The way to understand Princeton real estate average and median prices is to know the underlying series, i.e. individual transactions that went into calculating these prices. Competent Princeton real estate estate agent should be able to do it. The reason the average and median prices are not reliable indicator of how they affect the price of your home is because they do not track the sale of the same properties over years, but rather represent prices of the mix of the homes for sale during a particular period. If more expensive homes where sold year #1 compared to year #2, the prices would be higher. Yet the price of a home sold in year #1 could be less then in year #2. It is this change that is most meaningful. Unfortunately, such tracking does not exist for Princeton.
IV. Reporting of real estate homes sales prices
1. The available data may not be meaningful.
For Princeton real estate buyers and sellers it’s important to understand what is being reported. The most meaningful way to understand real estate prices is based on the Case-Shiller index, because it tracks sales of the same properties over the years. This index is not updated as often as home sales prices, so real estate reports in the press are often based on the average and median prices, which could often be meaningless, as shown in the example above. Unfortunately, the Case-Shiller index does not cover many areas in the country and does not cover Princeton. Applying real estate trends and statistics reported by the national press for Princeton homes for sale could produce very misleading results. Even when local statistics are available, they have to be understood on a deep level by those offering them, so they could offer appropriate guidance to the home sellers and buyers who rely on them for making decisions regarding their homes.
2.Tracking statistics on a deep level is a complicated and time consuming.
Many real estate agents simply use reports provided by MLS which are based either on median or average prices for a municipality. These prices are not enough to understand the “micro local” trends. To truly understand the trends in the Princeton real estate prices the agents need to know and understand the individual transactions that go into the aggregate statistics reported by the MLS.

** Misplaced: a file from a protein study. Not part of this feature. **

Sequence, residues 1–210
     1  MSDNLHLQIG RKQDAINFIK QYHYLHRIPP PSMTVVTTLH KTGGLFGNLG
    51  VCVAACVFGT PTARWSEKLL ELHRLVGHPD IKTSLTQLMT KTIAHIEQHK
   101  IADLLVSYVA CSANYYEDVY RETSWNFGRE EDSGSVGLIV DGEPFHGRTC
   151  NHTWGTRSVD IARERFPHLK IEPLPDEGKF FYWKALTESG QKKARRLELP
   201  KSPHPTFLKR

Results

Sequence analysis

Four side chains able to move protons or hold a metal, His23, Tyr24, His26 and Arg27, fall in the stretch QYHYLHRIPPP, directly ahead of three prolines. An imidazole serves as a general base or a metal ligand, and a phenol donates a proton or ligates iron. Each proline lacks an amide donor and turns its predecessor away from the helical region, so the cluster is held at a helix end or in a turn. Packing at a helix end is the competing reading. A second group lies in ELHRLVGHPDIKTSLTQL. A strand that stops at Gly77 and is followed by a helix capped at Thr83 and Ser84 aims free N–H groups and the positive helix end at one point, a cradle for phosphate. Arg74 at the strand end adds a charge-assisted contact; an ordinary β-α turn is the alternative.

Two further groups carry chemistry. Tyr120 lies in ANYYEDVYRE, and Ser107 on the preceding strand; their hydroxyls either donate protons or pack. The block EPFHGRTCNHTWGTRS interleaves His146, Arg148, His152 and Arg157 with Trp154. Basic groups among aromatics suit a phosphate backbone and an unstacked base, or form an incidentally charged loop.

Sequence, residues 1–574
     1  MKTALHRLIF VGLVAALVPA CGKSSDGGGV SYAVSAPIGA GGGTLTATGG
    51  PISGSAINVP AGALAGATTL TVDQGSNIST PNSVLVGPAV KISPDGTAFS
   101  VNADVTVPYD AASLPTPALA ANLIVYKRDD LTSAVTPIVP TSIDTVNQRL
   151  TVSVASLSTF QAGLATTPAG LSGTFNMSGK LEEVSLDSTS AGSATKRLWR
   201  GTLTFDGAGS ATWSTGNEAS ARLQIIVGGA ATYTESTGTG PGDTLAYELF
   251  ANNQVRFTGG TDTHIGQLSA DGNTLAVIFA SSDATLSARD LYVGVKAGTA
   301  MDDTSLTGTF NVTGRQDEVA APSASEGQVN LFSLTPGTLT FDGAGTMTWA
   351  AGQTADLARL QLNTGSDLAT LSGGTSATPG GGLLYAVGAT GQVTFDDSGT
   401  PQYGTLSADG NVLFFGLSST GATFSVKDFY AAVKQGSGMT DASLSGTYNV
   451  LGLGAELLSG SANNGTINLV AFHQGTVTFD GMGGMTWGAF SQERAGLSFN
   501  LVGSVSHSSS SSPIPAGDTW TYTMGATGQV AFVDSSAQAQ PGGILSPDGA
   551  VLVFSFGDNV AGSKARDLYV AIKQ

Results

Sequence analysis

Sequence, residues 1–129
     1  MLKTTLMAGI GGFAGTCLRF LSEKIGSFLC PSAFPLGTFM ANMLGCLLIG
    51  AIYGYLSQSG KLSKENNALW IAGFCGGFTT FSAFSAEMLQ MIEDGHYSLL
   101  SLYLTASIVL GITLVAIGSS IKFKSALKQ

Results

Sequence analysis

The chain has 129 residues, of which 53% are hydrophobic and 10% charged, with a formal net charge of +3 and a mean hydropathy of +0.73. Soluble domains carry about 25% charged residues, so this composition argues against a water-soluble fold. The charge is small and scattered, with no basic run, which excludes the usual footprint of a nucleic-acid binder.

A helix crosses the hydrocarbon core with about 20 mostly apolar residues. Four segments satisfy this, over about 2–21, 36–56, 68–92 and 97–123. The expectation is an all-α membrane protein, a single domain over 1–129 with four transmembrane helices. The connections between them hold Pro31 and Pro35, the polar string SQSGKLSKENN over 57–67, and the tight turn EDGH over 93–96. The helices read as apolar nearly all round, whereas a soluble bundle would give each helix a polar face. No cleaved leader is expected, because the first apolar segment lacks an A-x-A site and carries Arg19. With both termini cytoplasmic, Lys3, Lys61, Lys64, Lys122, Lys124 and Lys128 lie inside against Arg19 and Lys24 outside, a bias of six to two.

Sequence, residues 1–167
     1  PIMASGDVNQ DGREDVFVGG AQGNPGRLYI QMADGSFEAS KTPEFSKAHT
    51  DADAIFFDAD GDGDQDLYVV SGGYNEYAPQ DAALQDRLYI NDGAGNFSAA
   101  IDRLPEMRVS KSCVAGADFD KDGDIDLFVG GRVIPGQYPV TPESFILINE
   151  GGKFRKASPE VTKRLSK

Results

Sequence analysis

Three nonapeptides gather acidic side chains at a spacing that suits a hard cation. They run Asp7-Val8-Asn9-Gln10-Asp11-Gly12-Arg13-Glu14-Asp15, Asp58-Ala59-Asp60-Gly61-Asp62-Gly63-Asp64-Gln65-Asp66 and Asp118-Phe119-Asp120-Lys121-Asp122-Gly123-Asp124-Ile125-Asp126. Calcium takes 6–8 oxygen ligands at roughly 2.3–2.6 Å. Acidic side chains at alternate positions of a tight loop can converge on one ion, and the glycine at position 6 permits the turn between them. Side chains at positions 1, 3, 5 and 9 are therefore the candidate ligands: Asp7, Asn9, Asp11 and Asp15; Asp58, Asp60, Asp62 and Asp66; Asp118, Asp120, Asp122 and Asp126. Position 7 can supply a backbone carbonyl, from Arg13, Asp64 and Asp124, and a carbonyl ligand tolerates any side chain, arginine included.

V. Who is doing the reporting
1. Press and media reporting.
If the goal of the press is to generate sales for their reporting -the more dramatic the headlines, the better are the chances for the story to generate interest. If I was reporting on the condition of the Princeton real estate in 2006 I could choose either of these headlines: “Median prices are in decline after 2005 highs” or “Average home prices in Princeton rise dramatically while falling everywhere else”. Both of the statements would communicate the factual data while delivering the opposite messages. This could be totally misleading for the general public and to the agents who do not do independent research.
2. Real estate agents’ reporting.
If the real estate agents’ motivation is to sell homes, the statistics could be used to further this goal. While the agents are supposed to provide factual data, the example above shows how easy it would be to spin the story based on one’s motivation. The key here is to find a good Princeton agent who will cut out the spin. You already found one here:)
Not ready to discuss your plans with a real estate agent yet? You could learn a lot on your own, by reading:
Who else wants clarity about Princeton real estate prices?
Princeton Homes Buyers’ Tips
Princeton Homes Sellers’ Tips